GMOs are not allowed in any food certified as organic by the U.S. Department of Agriculture (USDA). However, in an online food Q&A, the U.S. Food and Drug Administration (FDA) stated that GMOs have been in the U.S. food supply for about 20 years. The agency also stated in a consumer update that "Foods from genetically engineered plants must meet the same requirements, including safety requirements, as foods from traditionally bred plants." Such foods, the FDA added, “are generally as nutritious as foods from comparable traditionally bred plants... [They] have not been more likely to cause an allergic or toxic reaction than foods from traditionally bred plants."
Additionally, Michael Jacobson, executive director of the Center for Science in the Public Interest, said there is no safety hazard in using genetically modified soybean oil over conventional soybean oil — a finding the organization highlighted recently in its Nutrition Action newsletter.
However, the federal government does not require that GMO foods be labeled as such.
"Food manufacturers may indicate, through voluntary labeling, whether foods have or have not been developed through genetic engineering, provided that such labeling is truthful and not misleading," the agency stated. "FDA supports voluntary labeling that provides consumers with this information."
No studies have found GM foods to be harmful, but many concerned citizens and scientists believe there have not been sufficient longitudinal (making observations over a substantial period of time) nor clinical studies on the effects of GMOs on human health. Even if researchers were to conduct long-term studies, it would be very difficult to prove that any adverse — or positive — health outcomes are due specifically to the GMOs themselves.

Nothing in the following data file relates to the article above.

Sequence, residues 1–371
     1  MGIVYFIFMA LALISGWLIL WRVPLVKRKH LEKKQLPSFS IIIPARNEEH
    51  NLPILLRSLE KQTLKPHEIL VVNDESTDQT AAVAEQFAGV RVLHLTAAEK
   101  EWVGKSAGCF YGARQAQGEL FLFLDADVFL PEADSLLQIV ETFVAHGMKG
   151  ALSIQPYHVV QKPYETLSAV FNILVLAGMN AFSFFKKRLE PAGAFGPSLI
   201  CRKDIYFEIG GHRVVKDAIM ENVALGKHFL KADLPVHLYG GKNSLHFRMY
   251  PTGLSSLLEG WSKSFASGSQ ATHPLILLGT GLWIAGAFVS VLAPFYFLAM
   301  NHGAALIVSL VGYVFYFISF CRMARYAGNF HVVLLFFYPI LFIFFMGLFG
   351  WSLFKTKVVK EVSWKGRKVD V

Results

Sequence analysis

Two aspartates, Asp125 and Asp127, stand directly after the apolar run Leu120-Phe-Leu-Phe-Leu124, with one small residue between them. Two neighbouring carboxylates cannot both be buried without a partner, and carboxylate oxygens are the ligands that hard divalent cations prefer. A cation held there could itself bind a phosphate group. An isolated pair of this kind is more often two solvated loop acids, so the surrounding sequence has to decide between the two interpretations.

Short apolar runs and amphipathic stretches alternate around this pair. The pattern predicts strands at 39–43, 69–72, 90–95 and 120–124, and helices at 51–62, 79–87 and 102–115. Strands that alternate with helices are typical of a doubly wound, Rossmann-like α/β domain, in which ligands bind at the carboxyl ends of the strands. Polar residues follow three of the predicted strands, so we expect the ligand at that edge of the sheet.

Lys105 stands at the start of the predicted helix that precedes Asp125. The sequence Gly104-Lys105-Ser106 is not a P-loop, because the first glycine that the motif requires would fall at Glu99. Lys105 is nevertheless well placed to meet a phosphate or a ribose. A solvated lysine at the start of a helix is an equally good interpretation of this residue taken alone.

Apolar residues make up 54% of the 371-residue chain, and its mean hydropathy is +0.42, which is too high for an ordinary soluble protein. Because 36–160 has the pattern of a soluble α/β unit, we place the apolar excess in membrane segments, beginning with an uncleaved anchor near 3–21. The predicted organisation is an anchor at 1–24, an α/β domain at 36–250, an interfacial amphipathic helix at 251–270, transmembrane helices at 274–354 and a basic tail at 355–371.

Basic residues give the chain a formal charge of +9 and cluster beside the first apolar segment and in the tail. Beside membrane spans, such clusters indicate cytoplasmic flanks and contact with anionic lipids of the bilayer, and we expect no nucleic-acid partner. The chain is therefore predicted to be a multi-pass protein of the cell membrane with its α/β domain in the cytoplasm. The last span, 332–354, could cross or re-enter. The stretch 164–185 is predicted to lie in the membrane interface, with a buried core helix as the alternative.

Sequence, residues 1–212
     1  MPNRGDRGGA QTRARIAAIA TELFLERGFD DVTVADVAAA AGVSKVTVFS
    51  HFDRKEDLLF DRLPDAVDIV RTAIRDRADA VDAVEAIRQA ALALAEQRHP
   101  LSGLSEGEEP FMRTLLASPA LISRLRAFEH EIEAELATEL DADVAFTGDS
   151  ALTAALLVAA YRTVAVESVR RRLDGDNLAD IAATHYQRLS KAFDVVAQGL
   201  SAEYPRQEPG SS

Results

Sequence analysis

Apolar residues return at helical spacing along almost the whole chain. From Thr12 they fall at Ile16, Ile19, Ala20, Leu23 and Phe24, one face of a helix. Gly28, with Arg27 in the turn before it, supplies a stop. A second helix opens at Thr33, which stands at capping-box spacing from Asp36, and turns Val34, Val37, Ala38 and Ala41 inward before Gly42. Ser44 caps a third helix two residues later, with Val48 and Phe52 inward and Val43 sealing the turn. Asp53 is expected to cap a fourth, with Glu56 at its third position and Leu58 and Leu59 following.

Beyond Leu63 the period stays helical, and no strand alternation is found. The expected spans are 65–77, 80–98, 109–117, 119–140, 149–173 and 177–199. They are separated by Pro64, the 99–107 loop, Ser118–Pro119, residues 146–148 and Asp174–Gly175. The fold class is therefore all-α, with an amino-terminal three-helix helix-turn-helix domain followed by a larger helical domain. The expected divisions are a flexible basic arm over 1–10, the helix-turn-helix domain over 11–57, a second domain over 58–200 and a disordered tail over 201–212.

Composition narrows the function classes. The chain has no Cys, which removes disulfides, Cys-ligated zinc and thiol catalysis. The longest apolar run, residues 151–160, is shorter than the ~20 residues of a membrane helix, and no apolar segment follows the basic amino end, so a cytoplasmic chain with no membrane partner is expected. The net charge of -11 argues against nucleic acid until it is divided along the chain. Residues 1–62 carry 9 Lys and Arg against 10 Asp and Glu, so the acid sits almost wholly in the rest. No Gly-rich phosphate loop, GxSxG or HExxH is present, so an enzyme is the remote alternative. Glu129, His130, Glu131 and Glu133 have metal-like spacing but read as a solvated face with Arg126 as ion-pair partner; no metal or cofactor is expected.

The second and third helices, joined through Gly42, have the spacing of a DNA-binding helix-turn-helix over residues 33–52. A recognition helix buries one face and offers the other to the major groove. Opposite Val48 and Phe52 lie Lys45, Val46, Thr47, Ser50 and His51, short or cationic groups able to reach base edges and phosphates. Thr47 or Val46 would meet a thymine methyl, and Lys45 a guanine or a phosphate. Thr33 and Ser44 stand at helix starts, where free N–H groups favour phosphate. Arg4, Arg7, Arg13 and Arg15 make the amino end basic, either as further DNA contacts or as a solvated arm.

Environmental consequences of GM foods
As for the environment, GMOs seem to have impact. Recently, a rogue strain of Monsanto GM wheat was found in a field in Oregon. Several Southeast Asian countries stopped imports of wheat from the U.S. Pacific Northwest, pending investigation, financially hurting American farmers, according to the Associated Press. Agriculture biotechnology giant Monsanto uses high-handed legal tactics to harass small farmers into using and paying huge sums for Monsanto GM seeds, putting some out of business, according to a CBS News report and other sources. Although the impact of GMOs on health and nutrition is unclear, the impact on the environment seems much more definite — and detrimental.
Huge soy and corn crops displace a more naturally diverse farming system — one that uses fewer resources, is more sustainable in the long term and is healthier for the planet and people (we'll get to that next). According to the U.S. Environmental Protection Agency, about 84 million acres in the United States are devoted to corn, and about 73 million acres are dedicated to soybeans, a close second. Why do we need so much farmland for soy and corn, two crops largely dedicated to processed foods?
We should instead fill our fields with an array of fruits and vegetables! The USDA's U.S. Dietary Guidelines for Americans recommends every American eat at least five cups of fruits and/or vegetables daily to prevent heart disease and cancer, and to foster maximum health and ideal body weight.
Ironically, the National Academy of Sciences found that if every American followed those guidelines and attempted to eat those five cups a day, there wouldn't be enough fruits and vegetables to go around!
Apparently, there is not enough farmland dedicated to fruits and vegetables because U.S. farmland is instead filled with soybeans and corn — much of it genetically modified — catering to the food industry instead of to the health of Americans.
Yes, genetically modifying soybeans and corn will allow the country to grow more at a lower cost. But at what other costs? Is it really what's best for regular consumers, or what’s best for Big Agriculture and the food industry?
Is soybean oil hazardous?